Background of the case
The Belfast Project at Boston College has collected an enormous archive of material on Northern Ireland over the past 40 years. Its most controversial project is a research programme that has seen people directly involved in the troubles give recorded testimonies of their experiences.The interviewees are primarily from a republican background but also includes some loyalists. The recordings were carried out by former IRA volunteer and prisoner Anthony McIntyre in conjunction with the journalist and author Ed Moloney. Those interviewed participated on the basis that the tapes would be stored in the archives of Boston College and published only after their deaths.
This caveat of publishing posthumously was the basis of the project as the interviews were for the main about illegal activities. The first glimpse of the historical significance of these recordings was evident in the release of “Voices From the Grave” a published account of loyalist David Irvine and republican Brendan Hughes’ testimonies. These were first hand accounts not only of activities but also the motivations of two key figures in their respective movements. While at times they make very unpleasant reading, from a historical point of view these testimonies are a great insight into why people got involved in paramilitaries and how the troubles not only began but evolved. This project has the possibility to bring our understanding of the troubles to a new level given these direct testimonies of those involved. (more…)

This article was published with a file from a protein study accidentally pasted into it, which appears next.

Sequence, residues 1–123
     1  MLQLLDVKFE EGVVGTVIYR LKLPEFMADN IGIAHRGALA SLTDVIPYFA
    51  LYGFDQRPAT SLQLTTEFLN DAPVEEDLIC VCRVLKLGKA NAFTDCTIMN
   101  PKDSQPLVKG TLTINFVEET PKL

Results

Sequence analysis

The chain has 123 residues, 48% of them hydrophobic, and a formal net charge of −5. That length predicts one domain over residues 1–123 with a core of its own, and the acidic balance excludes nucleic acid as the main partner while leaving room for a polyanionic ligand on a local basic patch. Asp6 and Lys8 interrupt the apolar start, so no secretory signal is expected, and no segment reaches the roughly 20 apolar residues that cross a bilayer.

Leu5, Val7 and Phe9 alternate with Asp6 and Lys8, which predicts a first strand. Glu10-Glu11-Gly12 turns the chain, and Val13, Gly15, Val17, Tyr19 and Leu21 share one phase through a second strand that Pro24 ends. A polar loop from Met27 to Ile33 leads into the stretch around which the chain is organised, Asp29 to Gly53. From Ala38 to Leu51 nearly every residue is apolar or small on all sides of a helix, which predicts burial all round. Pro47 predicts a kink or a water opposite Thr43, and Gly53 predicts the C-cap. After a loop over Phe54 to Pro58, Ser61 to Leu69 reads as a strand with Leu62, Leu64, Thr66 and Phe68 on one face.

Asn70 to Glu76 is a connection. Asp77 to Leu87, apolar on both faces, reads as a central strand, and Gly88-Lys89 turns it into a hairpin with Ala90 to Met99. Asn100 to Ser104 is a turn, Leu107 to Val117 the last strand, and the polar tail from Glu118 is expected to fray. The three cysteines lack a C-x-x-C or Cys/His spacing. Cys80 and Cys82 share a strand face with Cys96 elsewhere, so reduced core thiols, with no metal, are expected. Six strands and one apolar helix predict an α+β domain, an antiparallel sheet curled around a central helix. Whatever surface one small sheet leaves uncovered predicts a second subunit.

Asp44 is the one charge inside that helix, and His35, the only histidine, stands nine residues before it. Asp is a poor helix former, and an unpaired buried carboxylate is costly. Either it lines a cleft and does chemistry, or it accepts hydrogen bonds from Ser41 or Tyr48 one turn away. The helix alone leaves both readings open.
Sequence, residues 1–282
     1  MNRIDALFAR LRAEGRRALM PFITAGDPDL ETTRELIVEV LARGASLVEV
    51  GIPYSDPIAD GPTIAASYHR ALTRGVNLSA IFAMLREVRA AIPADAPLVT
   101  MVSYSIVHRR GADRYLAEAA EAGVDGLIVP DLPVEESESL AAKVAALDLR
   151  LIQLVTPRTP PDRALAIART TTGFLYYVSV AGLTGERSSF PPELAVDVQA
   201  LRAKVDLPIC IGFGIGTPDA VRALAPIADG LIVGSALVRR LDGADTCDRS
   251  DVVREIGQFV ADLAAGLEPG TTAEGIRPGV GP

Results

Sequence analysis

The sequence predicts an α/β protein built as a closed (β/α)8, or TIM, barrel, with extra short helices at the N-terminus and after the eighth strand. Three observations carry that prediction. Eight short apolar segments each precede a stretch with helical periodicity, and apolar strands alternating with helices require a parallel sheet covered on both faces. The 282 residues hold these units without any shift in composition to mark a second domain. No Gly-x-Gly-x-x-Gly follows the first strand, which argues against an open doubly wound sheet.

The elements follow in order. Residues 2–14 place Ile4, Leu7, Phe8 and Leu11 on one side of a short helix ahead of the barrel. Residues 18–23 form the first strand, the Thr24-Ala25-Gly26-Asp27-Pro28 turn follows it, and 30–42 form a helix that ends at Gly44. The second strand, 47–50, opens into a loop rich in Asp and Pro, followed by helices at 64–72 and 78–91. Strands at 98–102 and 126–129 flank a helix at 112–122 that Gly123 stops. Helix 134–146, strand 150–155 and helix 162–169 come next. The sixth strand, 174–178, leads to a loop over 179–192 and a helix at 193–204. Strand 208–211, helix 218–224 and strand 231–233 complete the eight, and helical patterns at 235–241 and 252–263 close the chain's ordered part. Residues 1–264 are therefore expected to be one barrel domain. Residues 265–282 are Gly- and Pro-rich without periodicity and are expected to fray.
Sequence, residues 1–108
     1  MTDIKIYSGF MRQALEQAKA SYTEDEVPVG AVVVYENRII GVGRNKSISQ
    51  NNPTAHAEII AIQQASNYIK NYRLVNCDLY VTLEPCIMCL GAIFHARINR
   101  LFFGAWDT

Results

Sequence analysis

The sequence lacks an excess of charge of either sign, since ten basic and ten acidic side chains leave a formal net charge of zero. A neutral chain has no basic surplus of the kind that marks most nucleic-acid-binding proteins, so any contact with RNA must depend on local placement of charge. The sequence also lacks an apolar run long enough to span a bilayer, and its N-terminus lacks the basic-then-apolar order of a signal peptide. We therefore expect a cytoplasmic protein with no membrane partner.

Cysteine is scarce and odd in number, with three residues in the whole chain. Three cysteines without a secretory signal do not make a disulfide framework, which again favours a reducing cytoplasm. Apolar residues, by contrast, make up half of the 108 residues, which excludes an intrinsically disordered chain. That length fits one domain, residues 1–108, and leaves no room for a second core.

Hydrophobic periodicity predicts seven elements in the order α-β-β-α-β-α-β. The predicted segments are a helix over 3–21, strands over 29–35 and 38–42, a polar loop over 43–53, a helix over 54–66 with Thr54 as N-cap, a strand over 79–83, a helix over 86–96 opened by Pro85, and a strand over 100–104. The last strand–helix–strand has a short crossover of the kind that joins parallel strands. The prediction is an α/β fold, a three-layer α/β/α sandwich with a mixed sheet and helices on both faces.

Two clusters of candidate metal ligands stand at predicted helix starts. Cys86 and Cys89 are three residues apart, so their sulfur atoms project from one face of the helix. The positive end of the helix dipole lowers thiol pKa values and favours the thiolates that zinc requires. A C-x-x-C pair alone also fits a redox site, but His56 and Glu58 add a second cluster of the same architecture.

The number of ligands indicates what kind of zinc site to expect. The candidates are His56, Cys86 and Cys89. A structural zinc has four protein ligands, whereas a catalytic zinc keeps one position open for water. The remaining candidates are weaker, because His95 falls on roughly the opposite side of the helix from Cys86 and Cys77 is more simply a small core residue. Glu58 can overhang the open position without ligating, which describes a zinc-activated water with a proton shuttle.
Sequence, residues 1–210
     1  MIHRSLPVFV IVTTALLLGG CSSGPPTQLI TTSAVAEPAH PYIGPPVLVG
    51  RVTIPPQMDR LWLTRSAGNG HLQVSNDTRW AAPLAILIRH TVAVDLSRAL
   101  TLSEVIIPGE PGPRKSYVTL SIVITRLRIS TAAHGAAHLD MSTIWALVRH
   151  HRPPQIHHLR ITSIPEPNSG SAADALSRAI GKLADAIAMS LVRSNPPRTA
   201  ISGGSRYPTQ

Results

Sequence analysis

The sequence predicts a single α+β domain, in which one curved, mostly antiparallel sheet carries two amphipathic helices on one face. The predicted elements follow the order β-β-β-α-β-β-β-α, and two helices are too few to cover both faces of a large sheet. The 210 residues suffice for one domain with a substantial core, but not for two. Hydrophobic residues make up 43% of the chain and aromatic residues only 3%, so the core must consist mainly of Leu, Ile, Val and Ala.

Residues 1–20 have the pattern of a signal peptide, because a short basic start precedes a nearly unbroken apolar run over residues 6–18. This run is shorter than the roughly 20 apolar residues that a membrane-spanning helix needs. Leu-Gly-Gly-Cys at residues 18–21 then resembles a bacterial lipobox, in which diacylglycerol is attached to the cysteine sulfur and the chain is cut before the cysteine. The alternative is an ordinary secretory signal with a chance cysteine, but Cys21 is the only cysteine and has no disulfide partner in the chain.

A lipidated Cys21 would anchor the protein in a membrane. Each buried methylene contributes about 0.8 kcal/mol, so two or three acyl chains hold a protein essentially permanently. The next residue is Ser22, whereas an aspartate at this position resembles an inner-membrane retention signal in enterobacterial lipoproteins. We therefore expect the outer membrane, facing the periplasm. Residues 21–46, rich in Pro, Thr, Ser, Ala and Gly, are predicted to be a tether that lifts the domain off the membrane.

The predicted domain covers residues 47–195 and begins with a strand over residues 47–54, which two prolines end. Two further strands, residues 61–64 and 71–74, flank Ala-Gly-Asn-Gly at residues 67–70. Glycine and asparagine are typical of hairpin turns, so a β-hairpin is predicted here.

The 1916 proclamation, the manifesto of the 1916 rebels, states
“The Republic guarantees religious and civil liberty, equal rights and equal opportunities to all its citizens, and declares its resolve to pursue the happiness and prosperity of the whole nation and of all its parts, cherishing all the children of the nation equally, and oblivious of the differences carefully fostered by an alien government, which have divided a minority from the majority in the past.”
These noble aspirations would become almost a bible of Irish Republican ideals but little did the authors know that within six years, Irish people would have a chance to implement them after The War of Independence in 1922. However the society established after the war of independence “The Irish Free State” was a pale shadow of even the most modest interpretation of this document.
Civil liberties were almost non existent, citizens were not equal with women becoming second class while the poor were plunged further in destitution. The history of early Irish Independence is often passed over with a less than critical eye that glorifies state building at any cost. However behind this abstract veneer lies the story of a dark authoritarian regime based on repression, discrimination and censorship. This was enforced by deeply authoritarian attitudes underscored by severe catholic morality which stifled culture and allowed no political debate or opposition of any kind. By 1937 the “The Irish Free State” had created a society that had betrayed the ideals of what many had set out achieve two decades earlier. (more…)
“for dusting the flies off the peelers on hot summer days” was The Irish Republican Sean Treacy’s, reply to a question, asking him why he had a machine gun, as recalled in the Irish Press in 1939. Treacy was killed in Dublin in 1920. I found this article filed away in an old copy of hamlet that was untouched for years. It is a fascinating social and political window into Ireland in 1939.
I don’t have time myself (podcast number three is on the way) to write a full article on it so I decided I would put it up and see what everyone else thinks. I’m really interested in other people’s opinions on it. Below is my initial opinion followed by the transcript of the entire article